Friday, December 23, 2011

"Let it be printed"!

It's not the Catholic version of the Good Housekeeping Seal of Approval, but an Imprimatur still counts for something. Taking its name from the Latin word for "Let it be printed," an Imprimatur shows that an author has submitted his book to his bishop, and that the work has been judged to be free from doctrinal and moral error. And now, I am elated to have the first Imprimatur of my career, from my own bishop, Cardinal Wuerl, for my upcoming book My Peace I Give You: Healing Sexual Wounds with the Help of the Saints. The cardinal granted it on December 14, the feast of St. John of the Cross, after it received a Nihil obstat from his censor deputatus, Father Carter Griffin (who is himself an author).

When I wrote my first book, The Thrill of the Chaste, although I was preparing to enter the Church, I did not seek an Imprimatur for fear of unnerving my publisher, which was a Protestant-owned company. Things are different with My Peace I Give You, as I am signed to a Catholic publisher, Ave Maria Press, and they are very supportive of my desire to show obedience to my bishop.

Having this episcopal acknowledgment is very important to me because I have high hopes for the apostolate to the wounded that I am embarking upon with the book's publication. It is a new stage of my life, and, unlike the previous stages, I want it to be through, with, and in Christ and His Church from start to finish. While God is not bound by the sacraments, the grace of Christ is ordered so that it flows down to us through the successors of the apostles—and I need lots of grace if I am to help the Church in its healing mission. So the Imprimatur is reassuring in that it affirms and strengthens my spiritual connection to the "principal parts of the members of the Lord" (Mystici Corporis Christi 42).

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Another thing I am very thankful for this Christmas is my grades. (At right, you can see me hitting the books in 2009; a more recent photo is here.) Currently I am studying at the Pontifical Faculty of the Immaculate Conception at Dominican House of Studies towards an STB, which is a prerequisite for the sacred theology doctorate that I hope to earn. My ultimate goal is to become a professor of theology at a small Catholic college (helloooo Belmont Abbey, Benedictine College, Our Lady Seat of Wisdom Academy, Dominican Institute of Ibadan, are you reading this?). School is harder than it has ever been, but I am loving it more than I ever have, and getting the best grades of my life.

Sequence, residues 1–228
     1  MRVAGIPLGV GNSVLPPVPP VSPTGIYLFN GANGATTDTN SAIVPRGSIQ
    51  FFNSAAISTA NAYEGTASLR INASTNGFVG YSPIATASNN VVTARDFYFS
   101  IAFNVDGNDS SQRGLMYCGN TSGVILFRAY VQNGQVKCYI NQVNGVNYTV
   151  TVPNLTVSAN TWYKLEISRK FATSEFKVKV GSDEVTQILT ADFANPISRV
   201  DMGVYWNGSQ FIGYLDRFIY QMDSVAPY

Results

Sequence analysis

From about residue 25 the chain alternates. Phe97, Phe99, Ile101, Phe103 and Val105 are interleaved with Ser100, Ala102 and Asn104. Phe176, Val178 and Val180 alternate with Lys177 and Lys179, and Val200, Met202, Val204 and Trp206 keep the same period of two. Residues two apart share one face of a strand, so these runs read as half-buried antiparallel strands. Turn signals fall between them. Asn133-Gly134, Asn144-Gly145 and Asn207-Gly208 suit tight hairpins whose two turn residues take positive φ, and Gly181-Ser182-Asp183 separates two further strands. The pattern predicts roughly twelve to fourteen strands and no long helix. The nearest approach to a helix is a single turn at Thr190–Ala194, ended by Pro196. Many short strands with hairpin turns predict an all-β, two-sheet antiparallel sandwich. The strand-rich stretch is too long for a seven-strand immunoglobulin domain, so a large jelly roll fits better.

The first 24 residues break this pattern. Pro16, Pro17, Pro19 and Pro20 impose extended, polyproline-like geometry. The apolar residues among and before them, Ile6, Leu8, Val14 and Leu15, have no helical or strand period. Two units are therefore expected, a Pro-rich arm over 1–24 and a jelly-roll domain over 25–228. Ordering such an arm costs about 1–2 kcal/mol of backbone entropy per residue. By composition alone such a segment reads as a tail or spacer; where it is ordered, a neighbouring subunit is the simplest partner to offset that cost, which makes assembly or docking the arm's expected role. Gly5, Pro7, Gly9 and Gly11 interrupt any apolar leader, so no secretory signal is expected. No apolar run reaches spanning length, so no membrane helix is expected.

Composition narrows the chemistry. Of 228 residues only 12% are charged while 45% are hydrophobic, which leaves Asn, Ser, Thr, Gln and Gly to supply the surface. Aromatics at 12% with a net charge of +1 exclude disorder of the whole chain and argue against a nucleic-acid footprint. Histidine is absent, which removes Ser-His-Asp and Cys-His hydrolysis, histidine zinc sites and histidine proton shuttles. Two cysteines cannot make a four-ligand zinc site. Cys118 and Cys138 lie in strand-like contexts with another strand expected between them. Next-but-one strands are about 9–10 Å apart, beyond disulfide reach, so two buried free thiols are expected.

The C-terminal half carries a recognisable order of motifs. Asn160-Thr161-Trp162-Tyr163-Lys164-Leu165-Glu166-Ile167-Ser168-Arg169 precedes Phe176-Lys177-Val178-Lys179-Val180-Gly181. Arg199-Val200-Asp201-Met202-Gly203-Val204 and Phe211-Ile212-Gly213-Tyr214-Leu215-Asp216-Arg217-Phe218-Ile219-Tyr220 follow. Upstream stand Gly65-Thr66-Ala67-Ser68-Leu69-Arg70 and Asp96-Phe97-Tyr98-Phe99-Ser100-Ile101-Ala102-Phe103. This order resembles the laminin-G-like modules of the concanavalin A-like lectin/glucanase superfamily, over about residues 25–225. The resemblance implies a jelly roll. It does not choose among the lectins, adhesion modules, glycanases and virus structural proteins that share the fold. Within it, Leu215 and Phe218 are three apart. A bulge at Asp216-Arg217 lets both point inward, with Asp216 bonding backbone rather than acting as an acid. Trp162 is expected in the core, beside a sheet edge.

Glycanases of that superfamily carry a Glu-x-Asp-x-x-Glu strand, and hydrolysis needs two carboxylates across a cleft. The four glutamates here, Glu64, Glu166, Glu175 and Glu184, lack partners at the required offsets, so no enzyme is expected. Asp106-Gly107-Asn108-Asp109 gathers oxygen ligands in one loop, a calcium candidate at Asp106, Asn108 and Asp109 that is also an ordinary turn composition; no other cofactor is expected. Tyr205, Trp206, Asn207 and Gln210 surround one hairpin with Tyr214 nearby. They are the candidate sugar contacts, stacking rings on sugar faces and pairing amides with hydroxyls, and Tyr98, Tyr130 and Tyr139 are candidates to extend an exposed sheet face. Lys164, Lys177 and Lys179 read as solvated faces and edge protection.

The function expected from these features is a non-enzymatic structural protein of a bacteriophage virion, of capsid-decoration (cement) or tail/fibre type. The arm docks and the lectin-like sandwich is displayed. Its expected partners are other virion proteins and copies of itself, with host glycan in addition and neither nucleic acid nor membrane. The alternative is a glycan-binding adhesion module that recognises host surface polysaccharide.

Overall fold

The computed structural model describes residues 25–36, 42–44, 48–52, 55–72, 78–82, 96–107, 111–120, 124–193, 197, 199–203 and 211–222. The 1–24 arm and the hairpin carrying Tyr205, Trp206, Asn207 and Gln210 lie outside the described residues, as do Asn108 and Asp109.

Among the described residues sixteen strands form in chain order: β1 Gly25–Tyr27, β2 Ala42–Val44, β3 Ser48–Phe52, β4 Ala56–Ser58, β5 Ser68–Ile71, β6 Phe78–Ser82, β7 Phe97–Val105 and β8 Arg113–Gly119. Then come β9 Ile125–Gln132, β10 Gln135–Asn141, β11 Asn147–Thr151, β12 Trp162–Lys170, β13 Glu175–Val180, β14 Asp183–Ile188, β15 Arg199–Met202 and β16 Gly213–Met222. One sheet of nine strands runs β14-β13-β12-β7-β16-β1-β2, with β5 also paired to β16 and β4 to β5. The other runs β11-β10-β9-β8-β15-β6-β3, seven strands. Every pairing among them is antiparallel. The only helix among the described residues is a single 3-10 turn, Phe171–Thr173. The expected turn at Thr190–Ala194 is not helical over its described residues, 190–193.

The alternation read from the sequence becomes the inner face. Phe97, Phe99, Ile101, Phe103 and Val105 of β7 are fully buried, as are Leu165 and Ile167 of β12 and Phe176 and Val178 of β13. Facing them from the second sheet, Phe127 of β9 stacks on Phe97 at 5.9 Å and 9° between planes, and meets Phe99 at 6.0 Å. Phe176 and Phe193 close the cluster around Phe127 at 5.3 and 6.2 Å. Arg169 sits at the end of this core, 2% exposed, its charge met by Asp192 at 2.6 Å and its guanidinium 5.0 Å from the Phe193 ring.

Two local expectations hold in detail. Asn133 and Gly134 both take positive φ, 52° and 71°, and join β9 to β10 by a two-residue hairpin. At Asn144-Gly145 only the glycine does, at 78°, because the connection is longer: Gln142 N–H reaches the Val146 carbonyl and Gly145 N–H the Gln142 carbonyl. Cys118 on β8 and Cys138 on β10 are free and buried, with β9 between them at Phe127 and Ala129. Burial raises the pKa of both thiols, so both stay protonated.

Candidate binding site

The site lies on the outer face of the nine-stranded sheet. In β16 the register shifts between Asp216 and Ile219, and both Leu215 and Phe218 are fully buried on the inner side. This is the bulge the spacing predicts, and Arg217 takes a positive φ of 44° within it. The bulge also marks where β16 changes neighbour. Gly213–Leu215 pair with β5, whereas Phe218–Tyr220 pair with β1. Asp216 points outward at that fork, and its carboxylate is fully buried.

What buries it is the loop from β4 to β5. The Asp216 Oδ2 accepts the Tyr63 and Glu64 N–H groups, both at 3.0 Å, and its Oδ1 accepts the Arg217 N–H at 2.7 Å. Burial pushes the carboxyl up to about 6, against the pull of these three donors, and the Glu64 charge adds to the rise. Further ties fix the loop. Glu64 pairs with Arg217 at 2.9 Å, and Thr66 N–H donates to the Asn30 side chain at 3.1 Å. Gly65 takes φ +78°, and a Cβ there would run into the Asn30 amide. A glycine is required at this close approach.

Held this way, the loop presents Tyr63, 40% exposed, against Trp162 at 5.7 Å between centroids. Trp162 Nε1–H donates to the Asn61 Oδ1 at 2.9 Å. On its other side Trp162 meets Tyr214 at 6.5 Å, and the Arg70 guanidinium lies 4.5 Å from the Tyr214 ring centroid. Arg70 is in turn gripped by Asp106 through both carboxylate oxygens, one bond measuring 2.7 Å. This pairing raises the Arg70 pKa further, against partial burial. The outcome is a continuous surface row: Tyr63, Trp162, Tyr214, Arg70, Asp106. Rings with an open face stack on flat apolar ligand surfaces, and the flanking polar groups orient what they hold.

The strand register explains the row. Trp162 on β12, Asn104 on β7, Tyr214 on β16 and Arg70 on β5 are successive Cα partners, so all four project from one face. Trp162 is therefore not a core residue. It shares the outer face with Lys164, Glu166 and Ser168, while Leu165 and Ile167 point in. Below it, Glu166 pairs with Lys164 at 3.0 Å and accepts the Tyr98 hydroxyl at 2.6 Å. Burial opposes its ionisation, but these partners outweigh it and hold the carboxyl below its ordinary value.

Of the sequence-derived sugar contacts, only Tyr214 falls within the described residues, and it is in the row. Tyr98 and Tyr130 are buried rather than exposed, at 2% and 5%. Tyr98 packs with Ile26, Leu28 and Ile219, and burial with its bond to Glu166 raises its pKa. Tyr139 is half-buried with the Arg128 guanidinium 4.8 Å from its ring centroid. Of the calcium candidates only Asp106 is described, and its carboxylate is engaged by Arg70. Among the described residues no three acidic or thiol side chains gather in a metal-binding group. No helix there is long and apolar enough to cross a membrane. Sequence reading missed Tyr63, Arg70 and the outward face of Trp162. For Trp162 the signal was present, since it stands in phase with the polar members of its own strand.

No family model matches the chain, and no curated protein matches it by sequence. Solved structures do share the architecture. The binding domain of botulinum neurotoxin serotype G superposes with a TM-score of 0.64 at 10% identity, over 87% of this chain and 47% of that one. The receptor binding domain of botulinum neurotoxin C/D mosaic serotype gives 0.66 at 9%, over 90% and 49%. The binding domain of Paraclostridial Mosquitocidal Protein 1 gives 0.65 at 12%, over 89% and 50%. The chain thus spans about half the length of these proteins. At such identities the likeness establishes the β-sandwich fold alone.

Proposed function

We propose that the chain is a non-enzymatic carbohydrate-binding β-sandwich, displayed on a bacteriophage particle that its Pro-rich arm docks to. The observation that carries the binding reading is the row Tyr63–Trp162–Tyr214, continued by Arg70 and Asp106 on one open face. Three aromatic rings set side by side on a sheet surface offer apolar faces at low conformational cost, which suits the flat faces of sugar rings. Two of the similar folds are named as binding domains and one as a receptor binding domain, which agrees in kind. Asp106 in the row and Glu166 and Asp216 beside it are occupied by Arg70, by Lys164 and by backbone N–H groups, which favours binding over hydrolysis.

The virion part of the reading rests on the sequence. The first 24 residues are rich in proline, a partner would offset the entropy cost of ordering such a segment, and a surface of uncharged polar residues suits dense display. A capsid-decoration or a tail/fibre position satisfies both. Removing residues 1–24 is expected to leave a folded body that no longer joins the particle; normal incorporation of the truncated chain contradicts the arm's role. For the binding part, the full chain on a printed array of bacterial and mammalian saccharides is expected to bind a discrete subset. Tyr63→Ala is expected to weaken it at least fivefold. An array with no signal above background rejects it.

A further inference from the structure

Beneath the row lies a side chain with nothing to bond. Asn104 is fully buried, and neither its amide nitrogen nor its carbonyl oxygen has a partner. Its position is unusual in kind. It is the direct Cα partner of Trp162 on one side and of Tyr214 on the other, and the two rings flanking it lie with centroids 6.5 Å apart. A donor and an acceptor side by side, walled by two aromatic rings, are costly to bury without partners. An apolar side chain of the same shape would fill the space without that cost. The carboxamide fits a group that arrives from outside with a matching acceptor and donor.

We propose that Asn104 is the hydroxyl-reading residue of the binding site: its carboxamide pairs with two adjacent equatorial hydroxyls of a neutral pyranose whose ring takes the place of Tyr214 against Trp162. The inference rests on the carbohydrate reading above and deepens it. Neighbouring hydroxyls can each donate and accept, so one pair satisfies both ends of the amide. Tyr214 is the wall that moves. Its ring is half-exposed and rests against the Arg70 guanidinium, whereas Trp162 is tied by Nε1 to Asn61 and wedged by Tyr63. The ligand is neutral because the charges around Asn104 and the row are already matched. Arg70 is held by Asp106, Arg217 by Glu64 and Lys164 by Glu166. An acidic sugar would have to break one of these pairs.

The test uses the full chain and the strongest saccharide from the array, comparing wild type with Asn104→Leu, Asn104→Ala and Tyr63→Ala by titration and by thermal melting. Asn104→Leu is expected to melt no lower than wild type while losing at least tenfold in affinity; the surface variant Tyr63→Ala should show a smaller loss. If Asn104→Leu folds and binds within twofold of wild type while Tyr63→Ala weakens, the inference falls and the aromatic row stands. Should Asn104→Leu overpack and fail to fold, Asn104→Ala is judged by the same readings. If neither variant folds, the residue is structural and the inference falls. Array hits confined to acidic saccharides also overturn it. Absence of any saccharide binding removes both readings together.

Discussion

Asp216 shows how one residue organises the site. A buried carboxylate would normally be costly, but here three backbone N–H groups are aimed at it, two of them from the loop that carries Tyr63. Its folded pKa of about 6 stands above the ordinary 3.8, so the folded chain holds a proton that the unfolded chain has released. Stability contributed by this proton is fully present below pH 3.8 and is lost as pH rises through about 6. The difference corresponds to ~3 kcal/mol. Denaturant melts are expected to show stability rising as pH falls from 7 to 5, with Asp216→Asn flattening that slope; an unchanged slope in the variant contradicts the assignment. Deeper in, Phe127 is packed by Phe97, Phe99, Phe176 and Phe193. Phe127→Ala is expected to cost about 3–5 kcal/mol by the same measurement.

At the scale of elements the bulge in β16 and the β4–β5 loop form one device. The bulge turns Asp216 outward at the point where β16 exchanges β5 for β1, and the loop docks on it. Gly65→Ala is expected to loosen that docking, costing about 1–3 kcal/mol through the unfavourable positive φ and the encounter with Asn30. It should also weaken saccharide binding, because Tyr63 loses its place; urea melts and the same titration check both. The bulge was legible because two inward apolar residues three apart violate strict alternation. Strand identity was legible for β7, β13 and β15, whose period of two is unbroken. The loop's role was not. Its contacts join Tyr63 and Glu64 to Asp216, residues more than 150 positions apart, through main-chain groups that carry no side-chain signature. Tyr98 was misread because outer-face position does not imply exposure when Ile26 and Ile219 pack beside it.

When I looked at my GPA for the Fall 2011 semester, I wanted to cry for joy. It was 3.8. For comparison, I seem to remember that my high school GPA was 2.89, and my undergraduate one was not much better. For me to do as well as I am doing at age 43, when my memory capacity and energy level are far from what they were in my NYU days, I cannot help but think that it is a vocational sign. Finally, after many twists and turns, I am doing what I was meant to do. Father Canavan was right; God is writing straight with crooked lines.

If you are among those Dawn Patrol readers who has prayed for me or supported me in other ways during my journey, please know that I am sending up joyful prayers of thanksgiving for you this Christmas and New Year's.